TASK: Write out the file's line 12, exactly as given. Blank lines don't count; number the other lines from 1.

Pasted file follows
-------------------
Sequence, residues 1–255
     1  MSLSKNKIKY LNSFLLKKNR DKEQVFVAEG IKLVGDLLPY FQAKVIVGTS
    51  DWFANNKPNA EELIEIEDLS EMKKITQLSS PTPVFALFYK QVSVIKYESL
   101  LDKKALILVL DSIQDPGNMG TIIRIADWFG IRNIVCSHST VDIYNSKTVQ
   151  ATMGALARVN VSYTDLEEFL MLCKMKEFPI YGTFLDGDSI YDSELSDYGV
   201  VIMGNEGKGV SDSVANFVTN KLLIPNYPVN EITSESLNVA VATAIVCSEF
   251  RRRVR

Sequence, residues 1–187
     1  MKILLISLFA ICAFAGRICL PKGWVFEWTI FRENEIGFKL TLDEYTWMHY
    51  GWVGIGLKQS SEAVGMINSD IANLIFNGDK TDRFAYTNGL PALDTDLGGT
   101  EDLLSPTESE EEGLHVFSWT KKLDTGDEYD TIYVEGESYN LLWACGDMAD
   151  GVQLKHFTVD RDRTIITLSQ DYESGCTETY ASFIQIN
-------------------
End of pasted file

   151  GVQLKHFTVD RDRTIITLSQ DYESGCTETY ASFIQIN